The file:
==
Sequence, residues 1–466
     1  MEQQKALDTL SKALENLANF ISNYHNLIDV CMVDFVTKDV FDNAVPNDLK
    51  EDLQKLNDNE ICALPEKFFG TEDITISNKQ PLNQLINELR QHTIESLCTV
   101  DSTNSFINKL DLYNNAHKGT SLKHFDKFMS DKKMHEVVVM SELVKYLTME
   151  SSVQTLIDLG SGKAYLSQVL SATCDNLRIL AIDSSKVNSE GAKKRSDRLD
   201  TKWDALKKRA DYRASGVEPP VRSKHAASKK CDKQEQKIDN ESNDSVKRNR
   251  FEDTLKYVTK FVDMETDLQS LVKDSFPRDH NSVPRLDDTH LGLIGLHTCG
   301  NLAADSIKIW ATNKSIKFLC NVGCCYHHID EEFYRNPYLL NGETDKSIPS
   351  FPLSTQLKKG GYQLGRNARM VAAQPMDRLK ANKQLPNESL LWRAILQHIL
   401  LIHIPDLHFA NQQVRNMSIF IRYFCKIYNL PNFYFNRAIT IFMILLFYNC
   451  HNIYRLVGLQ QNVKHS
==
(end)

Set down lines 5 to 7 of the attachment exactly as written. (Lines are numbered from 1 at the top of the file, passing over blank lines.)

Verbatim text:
   151  SSVQTLIDLG SGKAYLSQVL SATCDNLRIL AIDSSKVNSE GAKKRSDRLD
   201  TKWDALKKRA DYRASGVEPP VRSKHAASKK CDKQEQKIDN ESNDSVKRNR
   251  FEDTLKYVTK FVDMETDLQS LVKDSFPRDH NSVPRLDDTH LGLIGLHTCG